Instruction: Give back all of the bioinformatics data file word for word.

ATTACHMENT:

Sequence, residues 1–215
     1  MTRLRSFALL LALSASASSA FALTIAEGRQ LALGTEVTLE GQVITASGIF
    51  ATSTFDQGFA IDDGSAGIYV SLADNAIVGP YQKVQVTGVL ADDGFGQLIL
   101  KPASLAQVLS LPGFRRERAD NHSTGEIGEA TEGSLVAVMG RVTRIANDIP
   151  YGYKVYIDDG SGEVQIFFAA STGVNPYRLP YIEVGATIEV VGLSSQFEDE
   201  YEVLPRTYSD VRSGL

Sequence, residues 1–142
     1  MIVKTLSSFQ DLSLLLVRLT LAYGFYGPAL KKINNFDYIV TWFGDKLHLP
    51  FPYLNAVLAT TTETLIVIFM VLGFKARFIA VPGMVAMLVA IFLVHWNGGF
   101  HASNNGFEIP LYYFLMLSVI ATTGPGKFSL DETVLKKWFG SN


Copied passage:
Sequence, residues 1–215
     1  MTRLRSFALL LALSASASSA FALTIAEGRQ LALGTEVTLE GQVITASGIF
    51  ATSTFDQGFA IDDGSAGIYV SLADNAIVGP YQKVQVTGVL ADDGFGQLIL
   101  KPASLAQVLS LPGFRRERAD NHSTGEIGEA TEGSLVAVMG RVTRIANDIP
   151  YGYKVYIDDG SGEVQIFFAA STGVNPYRLP YIEVGATIEV VGLSSQFEDE
   201  YEVLPRTYSD VRSGL

Sequence, residues 1–142
     1  MIVKTLSSFQ DLSLLLVRLT LAYGFYGPAL KKINNFDYIV TWFGDKLHLP
    51  FPYLNAVLAT TTETLIVIFM VLGFKARFIA VPGMVAMLVA IFLVHWNGGF
   101  HASNNGFEIP LYYFLMLSVI ATTGPGKFSL DETVLKKWFG SN